Unfortunately, the capabilities of conventional roentgenography for patients with a suspected DILD appear to be limited for the sensitivity and specificity of the method prove to be insufficient. The data on 458 patients with a histologically confirmed DILD were studied. The chest radiographs for 10% of the cases turned out to be normal. Among 86 patients affected by DILD no pathological change was detected in 50% of the patients with histologically proven bronchiectasia and in over 20% of the patients with emphysema shown on X-ray shots. Radiography may equally show false positive results of the investigation. We have discovered that in 10-20% of the patients with the x-ray-confirmed signs of DILD no changes were detected during the lung biopsy.

The computer nonlinear diagnostics (NLS) is one of the promising methods of diagnosing lung diseases of today.

NLS appreciably improves the communication of the fine morphological elements in the lung tissue and opens up new opportunities for recognizing interstitial diseases of the bronchoalveolar system.

NLS has a high sensitivity in detecting fine interstitial lesions of the parenchyma and small nodules.

The results of the investigations prove that NLS has a better sensitivity in detecting both acute and chronic diffuse lung diseases. The sensitivity of the NLS diagnosis in detecting lung diseases makes 85% as compared to 70% in chest radiography.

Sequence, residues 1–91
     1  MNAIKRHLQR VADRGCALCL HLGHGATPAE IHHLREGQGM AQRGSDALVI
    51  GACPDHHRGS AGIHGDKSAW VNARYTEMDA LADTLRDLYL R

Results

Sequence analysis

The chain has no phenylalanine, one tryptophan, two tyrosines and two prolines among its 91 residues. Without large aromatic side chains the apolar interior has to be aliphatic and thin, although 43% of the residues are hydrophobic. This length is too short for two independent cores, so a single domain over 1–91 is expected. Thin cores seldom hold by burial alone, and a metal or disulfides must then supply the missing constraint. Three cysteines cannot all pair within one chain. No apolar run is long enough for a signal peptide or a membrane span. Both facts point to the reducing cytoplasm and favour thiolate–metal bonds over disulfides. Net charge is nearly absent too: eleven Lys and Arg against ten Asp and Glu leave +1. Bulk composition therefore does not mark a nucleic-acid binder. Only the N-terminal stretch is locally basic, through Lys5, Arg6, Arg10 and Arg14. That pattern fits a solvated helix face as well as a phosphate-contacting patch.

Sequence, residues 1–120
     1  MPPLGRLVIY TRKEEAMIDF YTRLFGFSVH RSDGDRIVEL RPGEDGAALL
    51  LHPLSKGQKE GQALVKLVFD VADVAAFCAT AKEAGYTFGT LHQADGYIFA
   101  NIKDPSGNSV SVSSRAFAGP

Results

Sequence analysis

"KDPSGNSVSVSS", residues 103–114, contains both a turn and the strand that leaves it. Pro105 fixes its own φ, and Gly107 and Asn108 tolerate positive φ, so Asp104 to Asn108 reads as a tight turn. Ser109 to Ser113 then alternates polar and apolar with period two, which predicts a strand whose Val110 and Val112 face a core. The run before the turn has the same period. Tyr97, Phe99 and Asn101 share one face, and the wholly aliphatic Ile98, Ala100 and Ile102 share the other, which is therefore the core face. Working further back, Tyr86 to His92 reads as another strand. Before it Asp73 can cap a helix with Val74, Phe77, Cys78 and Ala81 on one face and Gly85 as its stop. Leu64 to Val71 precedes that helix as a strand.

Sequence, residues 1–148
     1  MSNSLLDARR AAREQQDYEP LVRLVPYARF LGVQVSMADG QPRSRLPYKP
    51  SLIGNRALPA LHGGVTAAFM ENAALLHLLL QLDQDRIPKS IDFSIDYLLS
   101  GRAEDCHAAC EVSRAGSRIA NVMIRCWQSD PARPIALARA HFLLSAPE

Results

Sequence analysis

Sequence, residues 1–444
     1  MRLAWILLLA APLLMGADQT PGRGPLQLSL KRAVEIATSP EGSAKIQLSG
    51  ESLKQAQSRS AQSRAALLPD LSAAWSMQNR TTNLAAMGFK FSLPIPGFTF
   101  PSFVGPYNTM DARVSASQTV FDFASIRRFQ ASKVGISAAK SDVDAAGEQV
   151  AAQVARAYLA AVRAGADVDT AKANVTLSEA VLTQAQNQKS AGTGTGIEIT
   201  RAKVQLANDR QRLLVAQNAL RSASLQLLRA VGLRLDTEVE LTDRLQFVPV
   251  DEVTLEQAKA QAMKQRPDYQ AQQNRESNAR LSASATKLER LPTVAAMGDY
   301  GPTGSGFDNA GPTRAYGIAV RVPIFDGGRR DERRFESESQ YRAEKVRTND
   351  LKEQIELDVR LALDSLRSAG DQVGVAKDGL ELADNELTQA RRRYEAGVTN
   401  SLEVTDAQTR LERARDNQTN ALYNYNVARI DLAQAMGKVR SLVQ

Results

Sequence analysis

The accumulated experience too, gives additional grounds to assert that NLS is a highly efficient method for diagnosing a wide range of various diffuse lung diseases, DILD included, and excels the “classic” chest radiography by sensitivity.

It should be noted that the high sensitivity of the NLS-method is achieved without sacrificing the specificity and diagnostic accuracy of the method. In patients affected by DILD the NLS specificity amounted to 96% as opposed to 76% in radiography. In particular, the high sensitivity (87-92%) and specificity (88-94%) of NLS were demonstrated in bronchiectasia diagnostics.